• I would like to know which purifier and filters you recommend. Whether it is required is not the issue. What is safest for the provider and for the patient is my priority. Thank you.

  9. Recent articles in US press have touted blue hydro polyester shop towels as n-95 equivalent filtration for home made masks. What is hydro polyester and can you weigh in on this? I’m making homemade masks. Thanks!

    • Hi Clark, the shop towel is on our to test list, and we will publish the result as soon as it comes out. Stay tuned!

  10. Your info about filters has been very reassuring due to the ongoing Corona Virus epidemic. The big question Ive see all over the internet and YouTube is whether or not the .3 filtering will actually work for the virus which is less than .3. So your info really cleared that up, thank you. However, these filters are filtering particles that are free floating in the air, allowing the Diffusion process to work. But, the Corona Virus more than likely is attached to droplets of saliva, so how does that change how the filtering of less than .3 will work? Im assuming our saliva is greater than .3 so in theory it should filter it, but now we have a wetness factor. Will the filter still filter the virus or will the saliva droplet be absorbed into the material causing a pathway for us to infect us? Thanks.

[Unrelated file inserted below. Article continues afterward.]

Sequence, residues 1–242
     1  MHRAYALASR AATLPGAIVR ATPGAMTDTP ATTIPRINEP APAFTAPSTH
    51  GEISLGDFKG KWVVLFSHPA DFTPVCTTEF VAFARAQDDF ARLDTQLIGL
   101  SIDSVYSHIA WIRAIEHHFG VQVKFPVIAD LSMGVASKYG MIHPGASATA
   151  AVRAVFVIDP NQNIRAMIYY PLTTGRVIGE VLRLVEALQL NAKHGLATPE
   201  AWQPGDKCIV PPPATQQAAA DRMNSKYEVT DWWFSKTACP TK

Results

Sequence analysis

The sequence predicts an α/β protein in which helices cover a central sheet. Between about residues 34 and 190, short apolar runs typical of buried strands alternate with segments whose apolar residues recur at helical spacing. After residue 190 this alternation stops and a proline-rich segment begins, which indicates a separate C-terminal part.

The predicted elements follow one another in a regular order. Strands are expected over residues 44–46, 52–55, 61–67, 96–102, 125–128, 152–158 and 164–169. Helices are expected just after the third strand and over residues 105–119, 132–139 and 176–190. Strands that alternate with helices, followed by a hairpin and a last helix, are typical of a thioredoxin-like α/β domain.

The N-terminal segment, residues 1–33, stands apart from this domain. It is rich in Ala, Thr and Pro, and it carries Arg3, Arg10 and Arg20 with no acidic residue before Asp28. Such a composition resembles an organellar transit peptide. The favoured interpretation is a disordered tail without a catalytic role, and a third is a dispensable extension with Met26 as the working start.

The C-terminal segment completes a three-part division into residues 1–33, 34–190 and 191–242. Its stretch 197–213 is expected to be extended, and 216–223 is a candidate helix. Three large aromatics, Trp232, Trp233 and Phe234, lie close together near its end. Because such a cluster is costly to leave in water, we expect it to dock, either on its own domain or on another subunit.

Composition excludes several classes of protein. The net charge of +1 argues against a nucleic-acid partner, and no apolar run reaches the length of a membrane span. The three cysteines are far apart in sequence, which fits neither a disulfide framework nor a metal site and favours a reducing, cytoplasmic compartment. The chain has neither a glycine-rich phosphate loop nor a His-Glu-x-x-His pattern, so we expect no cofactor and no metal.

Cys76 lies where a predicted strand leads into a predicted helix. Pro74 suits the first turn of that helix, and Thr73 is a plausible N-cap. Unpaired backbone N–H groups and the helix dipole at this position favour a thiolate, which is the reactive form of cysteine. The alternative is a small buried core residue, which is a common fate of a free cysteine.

• Good question Stephanie. The water droplets are bigger than 0.3 microns, meaning the HEPA filter will do an even better job of capturing these. Even if the water were to evaporate, the fact that HEPA filters can capture the tiny coronavirus has us covered.

  11. Hi! I’m wondering if you have plans to extend (more affordable) shipping of your product to Singapore? I was keen to order a blast mini, but found out shipping was basically 1420RMB – basically the same price as the product itself! We badly need great air purifiers in Singapore too, as we suffer from horrible haze conditions every year.